Economic Research Economic Research

As part of the nation’s central bank, the Boston Fed shares responsibility for carrying out the Federal Reserve’s dual mandate—to promote price stability and maximize employment. The Research Department plays a key role in carrying out this mission by conducting original, empirical research, briefing the Bank President on our findings in preparation for his participation in FOMC deliberations and other monetary and economic policy discussions, providing analysis to our Board of Directors in support of their primary credit rate recommendations to the Board of Governors, and conducting periodic interviews with regional businesses to collect anecdotal information for the Beige Book.

We also aim to influence public policy decisions by participating in academic debates at conferences and through other scholarly outlets such as peer-reviewed journals. Our staff of economists, policy and data analysts, research assistants, computing technicians, editors, librarians and administrative specialists work together to achieve these goals.

"My job has two pillars: academic research and advising senior management on regulatory and policy issues. In a culture of constant training and skill development, this creates a great environment for Ph.D. graduates who want to change the world."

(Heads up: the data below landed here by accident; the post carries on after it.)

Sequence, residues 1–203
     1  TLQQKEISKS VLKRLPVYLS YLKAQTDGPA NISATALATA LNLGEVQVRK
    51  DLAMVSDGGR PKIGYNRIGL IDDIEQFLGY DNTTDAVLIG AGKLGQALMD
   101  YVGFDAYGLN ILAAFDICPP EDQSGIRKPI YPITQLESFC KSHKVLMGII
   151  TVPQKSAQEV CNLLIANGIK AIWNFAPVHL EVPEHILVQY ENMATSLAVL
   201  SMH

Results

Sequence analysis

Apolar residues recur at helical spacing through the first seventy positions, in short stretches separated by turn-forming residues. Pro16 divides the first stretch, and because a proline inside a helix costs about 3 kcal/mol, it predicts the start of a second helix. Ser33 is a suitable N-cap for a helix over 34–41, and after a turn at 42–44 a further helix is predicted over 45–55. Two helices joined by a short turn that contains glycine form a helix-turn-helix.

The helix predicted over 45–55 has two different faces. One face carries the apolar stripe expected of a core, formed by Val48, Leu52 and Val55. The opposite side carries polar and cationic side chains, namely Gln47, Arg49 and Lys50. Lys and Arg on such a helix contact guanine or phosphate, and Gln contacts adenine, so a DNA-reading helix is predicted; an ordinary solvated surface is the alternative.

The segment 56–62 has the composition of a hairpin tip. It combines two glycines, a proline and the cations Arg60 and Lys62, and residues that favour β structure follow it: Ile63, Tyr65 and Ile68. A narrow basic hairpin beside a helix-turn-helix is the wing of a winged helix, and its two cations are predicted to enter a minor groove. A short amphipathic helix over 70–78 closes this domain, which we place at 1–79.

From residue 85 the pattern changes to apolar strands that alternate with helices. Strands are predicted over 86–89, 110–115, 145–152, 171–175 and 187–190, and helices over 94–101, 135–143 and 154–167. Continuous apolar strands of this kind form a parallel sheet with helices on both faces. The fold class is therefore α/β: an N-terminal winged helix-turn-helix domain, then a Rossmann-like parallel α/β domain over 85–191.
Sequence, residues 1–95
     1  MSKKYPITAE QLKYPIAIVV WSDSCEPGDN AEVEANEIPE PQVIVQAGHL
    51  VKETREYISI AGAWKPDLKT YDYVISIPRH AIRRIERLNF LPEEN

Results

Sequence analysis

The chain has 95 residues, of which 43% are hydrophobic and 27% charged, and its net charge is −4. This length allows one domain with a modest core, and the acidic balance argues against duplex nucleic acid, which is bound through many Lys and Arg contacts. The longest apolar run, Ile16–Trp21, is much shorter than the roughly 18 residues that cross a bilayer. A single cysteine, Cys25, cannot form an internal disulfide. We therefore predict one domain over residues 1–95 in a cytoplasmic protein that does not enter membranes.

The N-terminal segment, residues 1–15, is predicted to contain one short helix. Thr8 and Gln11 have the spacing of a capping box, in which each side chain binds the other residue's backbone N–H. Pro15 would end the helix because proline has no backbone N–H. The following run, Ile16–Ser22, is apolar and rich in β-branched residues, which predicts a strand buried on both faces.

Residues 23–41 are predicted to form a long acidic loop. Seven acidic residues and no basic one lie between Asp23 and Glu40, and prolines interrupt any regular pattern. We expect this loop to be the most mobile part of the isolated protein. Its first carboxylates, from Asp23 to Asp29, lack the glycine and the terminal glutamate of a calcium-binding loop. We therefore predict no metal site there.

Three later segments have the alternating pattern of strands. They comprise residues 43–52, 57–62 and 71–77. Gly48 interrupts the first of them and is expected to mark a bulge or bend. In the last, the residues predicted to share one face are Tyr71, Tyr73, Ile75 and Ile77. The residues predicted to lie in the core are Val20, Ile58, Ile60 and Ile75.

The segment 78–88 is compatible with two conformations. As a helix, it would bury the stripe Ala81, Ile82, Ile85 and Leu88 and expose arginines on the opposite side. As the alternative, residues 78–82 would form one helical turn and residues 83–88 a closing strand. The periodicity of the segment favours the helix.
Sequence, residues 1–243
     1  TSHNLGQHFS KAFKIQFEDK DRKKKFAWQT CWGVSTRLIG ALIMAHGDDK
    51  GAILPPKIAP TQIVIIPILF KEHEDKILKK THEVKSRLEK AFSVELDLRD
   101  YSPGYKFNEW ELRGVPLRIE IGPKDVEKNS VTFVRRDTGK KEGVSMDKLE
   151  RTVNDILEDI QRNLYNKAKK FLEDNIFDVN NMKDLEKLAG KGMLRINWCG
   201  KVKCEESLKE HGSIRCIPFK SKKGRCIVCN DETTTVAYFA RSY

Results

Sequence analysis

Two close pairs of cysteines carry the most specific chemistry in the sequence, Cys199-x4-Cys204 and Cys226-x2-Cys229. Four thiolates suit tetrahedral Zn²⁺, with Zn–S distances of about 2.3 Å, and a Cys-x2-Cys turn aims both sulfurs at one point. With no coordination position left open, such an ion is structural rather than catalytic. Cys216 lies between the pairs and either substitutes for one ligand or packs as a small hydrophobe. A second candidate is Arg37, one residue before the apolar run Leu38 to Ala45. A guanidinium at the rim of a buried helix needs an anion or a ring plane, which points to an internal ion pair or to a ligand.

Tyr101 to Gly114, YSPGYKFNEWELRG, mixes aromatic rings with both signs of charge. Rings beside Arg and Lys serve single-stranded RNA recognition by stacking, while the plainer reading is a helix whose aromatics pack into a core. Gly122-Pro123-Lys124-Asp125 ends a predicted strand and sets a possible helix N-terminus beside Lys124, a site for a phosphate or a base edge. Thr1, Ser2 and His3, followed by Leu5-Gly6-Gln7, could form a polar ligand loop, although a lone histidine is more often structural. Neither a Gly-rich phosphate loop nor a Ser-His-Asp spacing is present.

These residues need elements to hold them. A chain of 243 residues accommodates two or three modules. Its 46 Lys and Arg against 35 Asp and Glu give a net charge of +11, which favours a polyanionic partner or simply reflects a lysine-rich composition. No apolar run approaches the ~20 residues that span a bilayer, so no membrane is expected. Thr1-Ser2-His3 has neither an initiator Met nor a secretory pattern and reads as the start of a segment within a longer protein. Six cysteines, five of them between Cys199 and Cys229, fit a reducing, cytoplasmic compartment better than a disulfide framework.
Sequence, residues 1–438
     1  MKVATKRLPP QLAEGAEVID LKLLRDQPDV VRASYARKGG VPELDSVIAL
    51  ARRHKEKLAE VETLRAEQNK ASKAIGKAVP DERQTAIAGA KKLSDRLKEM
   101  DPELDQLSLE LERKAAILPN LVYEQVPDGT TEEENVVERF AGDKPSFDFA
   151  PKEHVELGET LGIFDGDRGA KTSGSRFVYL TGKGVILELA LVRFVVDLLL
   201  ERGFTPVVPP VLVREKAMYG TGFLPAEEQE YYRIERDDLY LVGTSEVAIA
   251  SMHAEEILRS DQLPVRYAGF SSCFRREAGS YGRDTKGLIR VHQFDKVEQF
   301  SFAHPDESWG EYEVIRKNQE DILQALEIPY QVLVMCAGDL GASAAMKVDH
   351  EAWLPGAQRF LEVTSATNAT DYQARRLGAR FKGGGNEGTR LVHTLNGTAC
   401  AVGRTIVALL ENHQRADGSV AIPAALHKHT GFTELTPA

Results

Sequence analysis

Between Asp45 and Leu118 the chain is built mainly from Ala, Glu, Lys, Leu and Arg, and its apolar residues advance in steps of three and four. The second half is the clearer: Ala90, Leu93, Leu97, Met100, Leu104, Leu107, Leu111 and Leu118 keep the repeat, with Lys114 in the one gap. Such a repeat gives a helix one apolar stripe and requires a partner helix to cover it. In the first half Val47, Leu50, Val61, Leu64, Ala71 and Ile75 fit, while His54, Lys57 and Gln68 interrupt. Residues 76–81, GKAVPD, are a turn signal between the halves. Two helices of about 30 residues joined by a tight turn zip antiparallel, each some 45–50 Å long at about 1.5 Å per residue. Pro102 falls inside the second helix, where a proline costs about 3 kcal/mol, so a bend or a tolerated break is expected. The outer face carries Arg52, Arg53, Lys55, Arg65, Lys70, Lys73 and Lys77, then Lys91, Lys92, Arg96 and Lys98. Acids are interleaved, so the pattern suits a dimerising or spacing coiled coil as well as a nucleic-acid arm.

Ali Ozdagli, Senior Economist, Research

Current Opportunities Current Opportunities

Economist Economist

Research Assistant - Part-Time Research Assistant - Part-Time

“As an economist in training, working directly with experienced economists and more tenured research assistants provides for constant on-the-job learning. There are also multiple opportunities to attend seminars given by visiting scholars that provide the unique chance to ask questions and learn firsthand about new publications.”

Allie Cole, Research Assistant, Research

Research Assistant Program Research Assistant Program

“At the Boston Fed I work with other research economists to figure out where the economy is headed—a crucial piece of information for monetary policy. In my work here, I have a lot more freedom to pursue policy-relevant topics that I might have shied away from in academia.”

Chris Foote, Senior Economist, Research